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Special election halted by court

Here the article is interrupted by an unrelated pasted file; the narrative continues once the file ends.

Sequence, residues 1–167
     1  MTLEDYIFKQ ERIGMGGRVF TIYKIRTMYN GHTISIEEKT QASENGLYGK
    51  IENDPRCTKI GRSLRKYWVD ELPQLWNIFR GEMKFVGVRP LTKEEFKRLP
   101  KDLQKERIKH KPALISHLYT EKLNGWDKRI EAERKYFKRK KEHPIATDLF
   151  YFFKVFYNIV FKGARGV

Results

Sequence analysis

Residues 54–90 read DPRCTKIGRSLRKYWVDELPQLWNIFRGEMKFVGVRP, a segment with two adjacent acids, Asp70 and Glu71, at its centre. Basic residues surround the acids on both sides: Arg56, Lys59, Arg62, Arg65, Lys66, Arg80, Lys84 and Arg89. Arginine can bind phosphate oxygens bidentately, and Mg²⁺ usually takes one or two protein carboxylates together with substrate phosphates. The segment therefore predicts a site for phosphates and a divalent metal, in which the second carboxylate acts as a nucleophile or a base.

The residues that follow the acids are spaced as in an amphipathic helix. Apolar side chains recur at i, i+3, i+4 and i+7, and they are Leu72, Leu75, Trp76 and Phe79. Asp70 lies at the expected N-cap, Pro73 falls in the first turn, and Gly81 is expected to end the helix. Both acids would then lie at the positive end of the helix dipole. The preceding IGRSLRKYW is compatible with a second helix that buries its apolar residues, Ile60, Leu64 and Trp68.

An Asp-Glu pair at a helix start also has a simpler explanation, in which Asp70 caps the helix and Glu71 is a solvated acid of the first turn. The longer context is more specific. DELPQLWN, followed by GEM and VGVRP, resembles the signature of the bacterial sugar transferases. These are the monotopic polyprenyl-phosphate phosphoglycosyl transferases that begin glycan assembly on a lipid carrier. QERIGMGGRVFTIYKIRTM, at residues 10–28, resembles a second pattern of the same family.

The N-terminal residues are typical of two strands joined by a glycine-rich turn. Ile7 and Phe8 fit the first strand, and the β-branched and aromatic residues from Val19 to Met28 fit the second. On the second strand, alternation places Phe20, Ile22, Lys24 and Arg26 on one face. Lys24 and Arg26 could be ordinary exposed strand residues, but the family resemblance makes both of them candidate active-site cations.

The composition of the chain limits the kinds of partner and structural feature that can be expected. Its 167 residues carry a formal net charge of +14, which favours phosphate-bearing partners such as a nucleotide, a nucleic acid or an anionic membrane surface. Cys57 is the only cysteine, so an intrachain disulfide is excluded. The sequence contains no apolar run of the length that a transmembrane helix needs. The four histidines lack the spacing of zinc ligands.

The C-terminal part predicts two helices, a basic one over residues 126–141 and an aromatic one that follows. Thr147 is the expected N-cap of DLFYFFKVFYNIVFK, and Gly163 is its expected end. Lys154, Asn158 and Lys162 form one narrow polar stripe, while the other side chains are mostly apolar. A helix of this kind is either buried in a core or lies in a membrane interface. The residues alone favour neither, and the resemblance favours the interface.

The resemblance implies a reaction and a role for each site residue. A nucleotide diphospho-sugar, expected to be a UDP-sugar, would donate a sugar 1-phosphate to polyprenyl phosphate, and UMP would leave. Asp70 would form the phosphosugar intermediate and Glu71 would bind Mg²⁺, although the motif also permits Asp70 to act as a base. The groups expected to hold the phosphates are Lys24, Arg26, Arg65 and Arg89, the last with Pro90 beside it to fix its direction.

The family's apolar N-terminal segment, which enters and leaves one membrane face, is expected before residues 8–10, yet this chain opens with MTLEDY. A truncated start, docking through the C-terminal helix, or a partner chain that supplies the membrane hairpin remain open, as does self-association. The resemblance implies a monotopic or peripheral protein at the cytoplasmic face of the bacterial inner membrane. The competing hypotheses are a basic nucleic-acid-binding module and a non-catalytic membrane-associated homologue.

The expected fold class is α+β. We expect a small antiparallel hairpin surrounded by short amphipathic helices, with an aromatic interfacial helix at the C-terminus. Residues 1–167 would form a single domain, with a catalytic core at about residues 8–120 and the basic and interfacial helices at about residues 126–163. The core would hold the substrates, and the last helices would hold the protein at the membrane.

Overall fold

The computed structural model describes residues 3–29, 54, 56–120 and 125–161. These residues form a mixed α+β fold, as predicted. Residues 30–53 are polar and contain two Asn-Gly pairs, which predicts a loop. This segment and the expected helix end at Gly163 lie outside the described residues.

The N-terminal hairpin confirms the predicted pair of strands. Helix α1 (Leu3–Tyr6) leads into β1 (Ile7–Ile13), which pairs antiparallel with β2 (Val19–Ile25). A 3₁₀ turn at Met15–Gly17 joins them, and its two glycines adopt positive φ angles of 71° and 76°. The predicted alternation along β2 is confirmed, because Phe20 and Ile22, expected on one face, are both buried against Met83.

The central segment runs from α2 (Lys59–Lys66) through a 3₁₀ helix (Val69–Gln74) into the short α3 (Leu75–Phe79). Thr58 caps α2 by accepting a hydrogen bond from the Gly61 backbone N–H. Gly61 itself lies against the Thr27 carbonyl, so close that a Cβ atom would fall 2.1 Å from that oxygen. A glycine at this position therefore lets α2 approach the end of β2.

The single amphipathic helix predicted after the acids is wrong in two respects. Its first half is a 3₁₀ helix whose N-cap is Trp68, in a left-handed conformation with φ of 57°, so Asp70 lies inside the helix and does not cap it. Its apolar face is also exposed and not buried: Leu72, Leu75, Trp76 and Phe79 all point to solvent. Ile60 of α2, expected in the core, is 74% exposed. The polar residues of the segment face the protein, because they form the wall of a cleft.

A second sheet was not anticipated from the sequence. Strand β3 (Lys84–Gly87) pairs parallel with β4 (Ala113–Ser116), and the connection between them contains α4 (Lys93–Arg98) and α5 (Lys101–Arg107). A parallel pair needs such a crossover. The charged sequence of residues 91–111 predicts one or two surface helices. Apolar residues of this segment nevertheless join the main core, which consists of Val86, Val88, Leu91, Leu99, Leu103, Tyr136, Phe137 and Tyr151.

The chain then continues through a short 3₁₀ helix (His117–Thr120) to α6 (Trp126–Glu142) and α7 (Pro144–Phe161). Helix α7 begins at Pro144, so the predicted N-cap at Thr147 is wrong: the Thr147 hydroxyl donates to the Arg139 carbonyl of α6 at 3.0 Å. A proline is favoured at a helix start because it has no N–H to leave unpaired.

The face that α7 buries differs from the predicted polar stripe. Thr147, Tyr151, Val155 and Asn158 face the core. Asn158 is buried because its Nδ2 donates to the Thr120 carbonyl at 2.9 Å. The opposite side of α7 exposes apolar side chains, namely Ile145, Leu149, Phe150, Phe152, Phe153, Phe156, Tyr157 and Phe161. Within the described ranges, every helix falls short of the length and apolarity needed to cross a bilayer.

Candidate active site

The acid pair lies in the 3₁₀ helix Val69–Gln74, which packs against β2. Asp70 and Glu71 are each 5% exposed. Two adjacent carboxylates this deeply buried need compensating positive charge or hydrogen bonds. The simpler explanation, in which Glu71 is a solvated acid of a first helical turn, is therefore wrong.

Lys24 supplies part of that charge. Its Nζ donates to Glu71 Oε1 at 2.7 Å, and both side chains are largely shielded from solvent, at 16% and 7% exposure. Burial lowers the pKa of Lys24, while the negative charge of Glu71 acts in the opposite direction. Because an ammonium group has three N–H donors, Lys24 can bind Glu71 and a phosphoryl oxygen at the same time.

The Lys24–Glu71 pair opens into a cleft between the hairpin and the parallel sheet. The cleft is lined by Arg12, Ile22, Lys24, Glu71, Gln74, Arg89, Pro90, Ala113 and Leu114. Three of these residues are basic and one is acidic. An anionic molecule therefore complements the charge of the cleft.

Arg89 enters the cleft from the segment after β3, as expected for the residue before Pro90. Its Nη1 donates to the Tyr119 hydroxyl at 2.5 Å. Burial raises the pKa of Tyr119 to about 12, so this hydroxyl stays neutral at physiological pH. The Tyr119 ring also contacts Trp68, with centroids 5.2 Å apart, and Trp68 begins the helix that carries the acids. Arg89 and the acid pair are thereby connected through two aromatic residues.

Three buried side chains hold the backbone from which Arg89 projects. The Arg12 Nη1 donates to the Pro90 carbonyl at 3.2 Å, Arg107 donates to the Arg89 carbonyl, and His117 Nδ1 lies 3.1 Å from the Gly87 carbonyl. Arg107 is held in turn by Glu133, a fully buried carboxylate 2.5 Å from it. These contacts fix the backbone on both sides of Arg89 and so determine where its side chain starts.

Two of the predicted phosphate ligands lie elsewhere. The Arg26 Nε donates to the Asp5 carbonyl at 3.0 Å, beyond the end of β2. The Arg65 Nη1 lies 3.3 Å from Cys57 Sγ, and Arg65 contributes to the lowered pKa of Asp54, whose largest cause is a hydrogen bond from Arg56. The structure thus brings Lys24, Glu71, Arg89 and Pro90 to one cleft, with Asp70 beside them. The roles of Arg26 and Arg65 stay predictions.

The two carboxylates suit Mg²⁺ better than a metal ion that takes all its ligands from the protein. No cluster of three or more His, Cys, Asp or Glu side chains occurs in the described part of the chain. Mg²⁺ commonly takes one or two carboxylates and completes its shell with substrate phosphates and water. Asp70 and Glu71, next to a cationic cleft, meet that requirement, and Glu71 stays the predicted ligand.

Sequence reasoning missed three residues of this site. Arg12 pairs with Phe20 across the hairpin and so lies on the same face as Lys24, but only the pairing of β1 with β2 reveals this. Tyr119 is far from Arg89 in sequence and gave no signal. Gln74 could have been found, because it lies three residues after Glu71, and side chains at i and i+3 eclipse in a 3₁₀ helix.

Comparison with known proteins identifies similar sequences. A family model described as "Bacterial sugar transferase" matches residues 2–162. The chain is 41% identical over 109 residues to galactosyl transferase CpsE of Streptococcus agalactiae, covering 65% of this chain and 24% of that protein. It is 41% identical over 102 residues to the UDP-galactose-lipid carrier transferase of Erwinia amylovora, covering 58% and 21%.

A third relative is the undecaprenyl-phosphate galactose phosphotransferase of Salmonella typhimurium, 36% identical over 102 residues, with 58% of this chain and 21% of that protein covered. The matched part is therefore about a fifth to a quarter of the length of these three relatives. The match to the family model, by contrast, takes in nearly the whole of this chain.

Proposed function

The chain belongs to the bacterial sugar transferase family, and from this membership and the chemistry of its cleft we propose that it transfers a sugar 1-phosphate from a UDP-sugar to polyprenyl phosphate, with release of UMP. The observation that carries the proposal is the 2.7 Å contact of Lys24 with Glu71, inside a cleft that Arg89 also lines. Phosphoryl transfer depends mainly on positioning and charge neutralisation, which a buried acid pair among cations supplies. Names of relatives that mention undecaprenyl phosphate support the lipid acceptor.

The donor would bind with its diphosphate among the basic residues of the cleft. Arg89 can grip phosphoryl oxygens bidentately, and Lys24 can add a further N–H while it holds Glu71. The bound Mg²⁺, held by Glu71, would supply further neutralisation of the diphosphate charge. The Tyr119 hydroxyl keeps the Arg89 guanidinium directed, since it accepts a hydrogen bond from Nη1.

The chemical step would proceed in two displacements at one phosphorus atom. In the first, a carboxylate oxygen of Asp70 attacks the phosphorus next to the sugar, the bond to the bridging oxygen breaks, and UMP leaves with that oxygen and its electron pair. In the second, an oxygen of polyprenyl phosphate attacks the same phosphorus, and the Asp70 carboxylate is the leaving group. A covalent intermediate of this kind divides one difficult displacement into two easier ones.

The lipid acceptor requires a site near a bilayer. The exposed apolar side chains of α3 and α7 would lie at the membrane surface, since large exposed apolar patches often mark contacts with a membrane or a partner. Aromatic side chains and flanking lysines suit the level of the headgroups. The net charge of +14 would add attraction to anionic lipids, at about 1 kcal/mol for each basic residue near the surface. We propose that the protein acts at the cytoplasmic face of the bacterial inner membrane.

In a ruling that threw a wrench in the works of the special election concerning wind turbine setbacks in Walworth County, Judge Scott Myren has halted the Tuesday, Aug. 8 election. According to Walworth County State’s Attorney Jamie Hare, a group of land owners had filed a referendum to stop the election on several facts. Those included one of the four signature petitions filed was incorrectly dated by the Notary Public when she notarized the papers. Instead of June 12, she dated one of petitions July 12. Another of the issues was that one voter had signed two separate petitions, but Hare said that factor was not taken into consideration in the ruling. The third factor was the interpretation of the required number of signatures needed to force a special election on the issue. Hare said the attorney for the landowners had argued that the interpretation of S.D. Statute 71815 requiring that number of signatures required for a valid petition be 5 percent of voters in the previous election. Hare said the statute was further clarified in #12434 that states the registered voters referred to in other statues includes the number of active voters. Registered voters that are inactive are not included in that number. According to Hare, Walworth County Auditor had contacted the South Dakota Secretary of State to reiterate that the required number for this petition was 188. She received confirmation that that was the required number. Hare said the election has been stopped and the ruling stands unless there is an appeal to that ruling. He said the ruling could be sent back down to the court on appeal. “But this ruling also included the mistaken date on the petitions,” said Hare. “But in other cases the intent of the voters has been more liberally construed in those rulings.” Hare said the notary told the judge she had just made a mistake and the petitions were filed at the same. Michele Harrison, executive director of the Mobridge Economic Development Corporation (MEDCO) who filed the said she waiting for a response from her board members concerning an appeal. She said according to Attorney General Marty Jackley with whom she has spoken, there could be a motion for reconsideration filed in the case to review the ruling, but that has to come from the state’s attorney. The petition to bring the required setback ordinance to a vote of the people was filed because of a concern that the ordinance sends a message that Walworth County in not open to development projects as Harrison told the Walworth County Commission during a public hearing. She told the commissioners it is the opinion of MEDCO that the two-mile setback sends the wrong message to others who may consider Walworth County for future projects. Landowners have told the commissioners they want the required setbacks at the two-mile limit for a number of reasons including health and safety. The commissioners passed Walworth County Ordinance #2017-1, amending county ordinance #83-2, establishing zoning regulations for Walworth County on May 10, 2017. According to the new ordinance wind turbines have to meet the following minimum spacing requirements: • A distance at 10,560 feet or 2 miles from existing off-site residence, business and churches. Distance from other existing buildings or structures shall be at least 1,000 feet and distance from on-site or lessor’s residence shall be a least 500 feet. • The distance from the edge of a public right of way must be 200 percent of the height of the wind turbine. The vertical height of the wind turbine is measured from the ground surface to the tip of the blade when in fully vertical position. • The distance from any property line shall be two hundred percent 200 percent of the height of the wind turbine. The ordinance stands as it was adopted if and until further action is through the courts. – Katie Zerr –